There are lots of portable hard drives around these days but the Lacie DJI CoPilot offers a couple of things that most don’t – a cable connection to your smartphone and a built-in display.
It’s a 2TB drive developed by Lacie and DJI as part of the BOSS (Back-up On Set Solutions) range. It’s designed to provide storage when photographers and drone pilots are away from their computers. With this in mind, there’s an SD card slot built-in so you can back-up images easily. There are also USB-A, USB-C and microUSB ports.
The CoPilot comes with three smartphone connection cables. One of these has a Lightning connection for connecting iOS devices while the others are for Android phones or tablets with microUSB or USB-C ports.
These connectors are embedded in a block that matches the hard drives surround. Once pushed home, these are quite hard to remove. There’s also a groove around the drive’s case that can store the cable. So provided you don’t swap between different phone or tablet types on a frequent basis, you can leave the connection in place.
As well as allowing you to backup files from a camera or drone, the USB-A port allows the CoPilot to act like a power bank. So if you’re stuck, you can charge your phone.
The USB-C port is there to connect the CoPilot to a computer to transfer images. Helpfully, an adapter cable is supplied for older computers that don’t have a USB-C connection.
The drive has a built-in battery that needs to be charged before you head out on a shoot. Odd this has dedicated connection rather than a USB port.
Once the battery’s charged, or it’s connected to the mains, the screen will indicate a connection when an SD card is inserted into the slot or a device is connected via the USB-A port.
You’ll also see a message asking if you want to copy the contents of the card or device. Pressing the large button on the front of the CoPilot confirms the action. If you press this button for 3 seconds the action is cancelled.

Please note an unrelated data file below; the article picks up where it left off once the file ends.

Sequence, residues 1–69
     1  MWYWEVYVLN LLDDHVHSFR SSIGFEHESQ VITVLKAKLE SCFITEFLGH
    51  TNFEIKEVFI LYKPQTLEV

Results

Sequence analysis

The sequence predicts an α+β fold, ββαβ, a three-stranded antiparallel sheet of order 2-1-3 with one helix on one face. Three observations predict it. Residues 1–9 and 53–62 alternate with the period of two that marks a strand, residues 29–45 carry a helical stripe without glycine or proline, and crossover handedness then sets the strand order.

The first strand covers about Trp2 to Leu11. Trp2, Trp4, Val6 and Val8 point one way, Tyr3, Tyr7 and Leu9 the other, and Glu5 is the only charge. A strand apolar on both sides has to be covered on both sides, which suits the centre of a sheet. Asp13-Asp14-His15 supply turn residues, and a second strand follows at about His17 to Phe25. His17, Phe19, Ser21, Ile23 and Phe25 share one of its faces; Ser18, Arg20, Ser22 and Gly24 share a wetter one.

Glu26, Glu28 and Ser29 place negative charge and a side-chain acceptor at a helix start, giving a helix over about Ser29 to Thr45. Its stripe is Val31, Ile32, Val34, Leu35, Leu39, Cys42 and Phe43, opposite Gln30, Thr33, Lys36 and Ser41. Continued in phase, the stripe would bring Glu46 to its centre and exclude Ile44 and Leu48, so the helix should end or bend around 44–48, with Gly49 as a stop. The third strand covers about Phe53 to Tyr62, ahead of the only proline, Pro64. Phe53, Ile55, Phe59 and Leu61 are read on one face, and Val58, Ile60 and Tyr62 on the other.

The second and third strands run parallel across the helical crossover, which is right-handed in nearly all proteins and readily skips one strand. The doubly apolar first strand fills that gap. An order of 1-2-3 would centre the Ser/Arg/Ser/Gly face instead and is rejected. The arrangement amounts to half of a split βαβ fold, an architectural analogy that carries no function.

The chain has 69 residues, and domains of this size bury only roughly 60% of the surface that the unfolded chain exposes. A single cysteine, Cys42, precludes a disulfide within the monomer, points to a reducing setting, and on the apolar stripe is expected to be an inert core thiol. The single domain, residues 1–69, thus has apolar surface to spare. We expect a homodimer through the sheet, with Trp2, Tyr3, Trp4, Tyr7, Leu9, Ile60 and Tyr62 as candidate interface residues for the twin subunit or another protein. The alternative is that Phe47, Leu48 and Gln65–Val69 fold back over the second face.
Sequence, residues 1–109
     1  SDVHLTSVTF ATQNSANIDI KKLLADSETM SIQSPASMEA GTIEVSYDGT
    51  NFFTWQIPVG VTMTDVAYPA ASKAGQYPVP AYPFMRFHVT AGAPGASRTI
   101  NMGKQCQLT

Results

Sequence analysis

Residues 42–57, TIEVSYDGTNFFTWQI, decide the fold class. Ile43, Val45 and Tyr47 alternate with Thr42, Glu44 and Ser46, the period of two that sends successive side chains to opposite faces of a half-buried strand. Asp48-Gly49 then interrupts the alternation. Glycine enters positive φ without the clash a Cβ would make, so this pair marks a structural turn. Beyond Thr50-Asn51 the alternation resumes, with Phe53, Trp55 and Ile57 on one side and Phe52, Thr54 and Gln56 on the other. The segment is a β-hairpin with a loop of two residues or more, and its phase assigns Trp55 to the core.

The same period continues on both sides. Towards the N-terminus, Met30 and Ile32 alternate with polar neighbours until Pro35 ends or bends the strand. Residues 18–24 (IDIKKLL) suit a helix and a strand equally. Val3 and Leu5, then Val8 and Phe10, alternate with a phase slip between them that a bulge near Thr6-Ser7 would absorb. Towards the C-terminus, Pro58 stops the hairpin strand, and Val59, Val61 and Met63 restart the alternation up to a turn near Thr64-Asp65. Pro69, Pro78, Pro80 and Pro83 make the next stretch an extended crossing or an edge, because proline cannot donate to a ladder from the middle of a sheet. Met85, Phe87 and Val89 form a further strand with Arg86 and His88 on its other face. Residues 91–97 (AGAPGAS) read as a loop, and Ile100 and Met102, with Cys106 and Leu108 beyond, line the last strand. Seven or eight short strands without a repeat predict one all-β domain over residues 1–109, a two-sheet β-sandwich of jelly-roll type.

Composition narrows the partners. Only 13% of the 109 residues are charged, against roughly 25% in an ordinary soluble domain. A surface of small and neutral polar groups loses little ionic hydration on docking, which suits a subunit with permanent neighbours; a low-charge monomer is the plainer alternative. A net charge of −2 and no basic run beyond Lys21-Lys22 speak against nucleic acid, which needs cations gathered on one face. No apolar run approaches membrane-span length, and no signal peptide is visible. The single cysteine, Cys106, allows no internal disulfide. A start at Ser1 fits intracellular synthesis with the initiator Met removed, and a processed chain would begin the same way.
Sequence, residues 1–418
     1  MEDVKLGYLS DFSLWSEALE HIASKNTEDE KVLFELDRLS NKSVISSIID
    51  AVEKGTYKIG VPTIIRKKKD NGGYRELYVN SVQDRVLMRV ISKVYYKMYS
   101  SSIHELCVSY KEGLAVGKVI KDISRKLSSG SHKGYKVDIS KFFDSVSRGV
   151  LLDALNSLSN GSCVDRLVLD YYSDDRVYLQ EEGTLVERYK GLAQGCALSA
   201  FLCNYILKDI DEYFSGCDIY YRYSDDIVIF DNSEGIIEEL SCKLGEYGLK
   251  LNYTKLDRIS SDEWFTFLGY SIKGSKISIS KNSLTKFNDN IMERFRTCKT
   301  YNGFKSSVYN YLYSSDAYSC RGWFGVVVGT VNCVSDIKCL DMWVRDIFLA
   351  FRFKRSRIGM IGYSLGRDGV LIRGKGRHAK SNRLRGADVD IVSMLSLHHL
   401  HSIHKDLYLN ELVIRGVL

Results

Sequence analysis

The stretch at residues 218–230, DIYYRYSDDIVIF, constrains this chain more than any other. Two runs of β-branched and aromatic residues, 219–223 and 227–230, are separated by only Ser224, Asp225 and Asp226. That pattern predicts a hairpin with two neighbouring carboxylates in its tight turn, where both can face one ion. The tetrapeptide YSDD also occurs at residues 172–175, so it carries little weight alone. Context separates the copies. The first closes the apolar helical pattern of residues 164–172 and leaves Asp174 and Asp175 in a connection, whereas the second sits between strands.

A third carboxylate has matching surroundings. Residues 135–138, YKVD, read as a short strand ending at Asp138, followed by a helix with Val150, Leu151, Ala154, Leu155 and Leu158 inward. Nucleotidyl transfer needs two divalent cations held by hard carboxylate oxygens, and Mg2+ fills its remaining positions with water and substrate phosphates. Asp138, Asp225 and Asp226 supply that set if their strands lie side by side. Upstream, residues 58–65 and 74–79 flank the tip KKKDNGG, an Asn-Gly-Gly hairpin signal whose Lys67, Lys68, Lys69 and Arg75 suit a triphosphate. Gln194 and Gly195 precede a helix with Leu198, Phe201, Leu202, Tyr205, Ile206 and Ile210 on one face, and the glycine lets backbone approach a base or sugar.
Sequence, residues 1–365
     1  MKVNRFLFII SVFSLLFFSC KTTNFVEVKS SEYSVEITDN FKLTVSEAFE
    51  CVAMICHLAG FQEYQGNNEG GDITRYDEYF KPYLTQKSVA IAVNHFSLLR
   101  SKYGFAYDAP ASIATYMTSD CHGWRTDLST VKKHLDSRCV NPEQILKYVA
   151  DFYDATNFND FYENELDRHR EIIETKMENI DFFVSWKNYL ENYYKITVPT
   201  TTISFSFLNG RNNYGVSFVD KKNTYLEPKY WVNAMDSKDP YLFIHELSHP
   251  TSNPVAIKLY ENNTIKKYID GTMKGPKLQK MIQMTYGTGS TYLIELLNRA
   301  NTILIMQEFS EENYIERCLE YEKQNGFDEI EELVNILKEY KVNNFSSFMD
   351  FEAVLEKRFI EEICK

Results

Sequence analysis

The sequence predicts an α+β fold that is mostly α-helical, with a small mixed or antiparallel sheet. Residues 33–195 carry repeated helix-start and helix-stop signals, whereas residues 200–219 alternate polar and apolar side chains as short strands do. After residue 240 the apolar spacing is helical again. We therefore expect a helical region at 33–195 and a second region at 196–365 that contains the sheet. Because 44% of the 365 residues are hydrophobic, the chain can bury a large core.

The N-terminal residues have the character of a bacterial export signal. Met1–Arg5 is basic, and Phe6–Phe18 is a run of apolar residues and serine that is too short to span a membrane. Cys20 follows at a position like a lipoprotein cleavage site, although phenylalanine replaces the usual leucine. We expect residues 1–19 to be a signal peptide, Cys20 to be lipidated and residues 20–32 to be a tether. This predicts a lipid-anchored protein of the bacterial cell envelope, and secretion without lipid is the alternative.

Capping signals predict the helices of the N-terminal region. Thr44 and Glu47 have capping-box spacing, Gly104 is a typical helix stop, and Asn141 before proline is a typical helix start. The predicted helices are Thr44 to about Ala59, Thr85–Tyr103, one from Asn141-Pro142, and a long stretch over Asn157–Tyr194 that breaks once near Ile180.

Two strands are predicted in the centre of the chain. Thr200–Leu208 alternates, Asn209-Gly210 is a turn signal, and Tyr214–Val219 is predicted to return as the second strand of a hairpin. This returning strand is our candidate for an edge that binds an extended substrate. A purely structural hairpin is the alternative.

The progress of the transfer is displayed on the CoPilot’s screen.
CoPilot BOSS app
If you connect your phone or tablet via one of the supplied cables, you can use the free Copilot BOSS app to control the transfer. And when the transfer has finished, you can see the images on your phone. Seeing your images assures you that the back-up has taken place in a way that a flashing light or progress bar can’t.
The app also lets you save images to your phone or share them from the drive.
Video can also be transferred to the CoPilot but you need an app to view them. The first time that you tap on a video file in the Copilot BOSS app you’ll be prompted to download another free smartphone app. Once this has been installed, you can review videos stored on the Copilot.
As it’s encased in a rubber-like jacket, the LaCie DJI CoPilot has a rugged, durable feel. There’s even a cover for the ports to keep out raindrops.
There’s only one button, so operation is simple and just a case of making a short or long press. However, I much prefer to use it via the app – you never quite know if you’ve pressed a button for long enough. The app makes it much clearer what’s going on and, of course, you can review your images/video.
While it would be annoying if you want to swap between iOS and Android devices, the cable connection seems very secure. The wrap-around storage for the cable is also a genius solution.
I had a couple of connection failures with the Copilot where it seemed to be searching and never quite recognised my phone. However, this was quickly resolved by restarting the app. In most cases, it worked perfectly.
Although the CoPilots internal battery can be used as a power bank, I would avoid doing so as transferring images and reviewing the odd video eats through the power quite quickly. For example, the battery power dropped by about 30% by transferring around 21GB of files spread across two cards while monitoring on an iPhone and briefly browsing the contents.
The LaCie DJI CoPilot is a really useful device for all digital photographers. It’s quick and easy to use, with no need to faff about making a Wi-Fi connection. You just plug in your phone to check your files are there and select the ones you want to share.
With 2TB capacity, there’s more than enough room for storing your videos and stills from a days shoot – whether you’re using a DSLR or drone.
The only disappointment is the battery life, but at least there’s a clear readout so you get plenty of warning.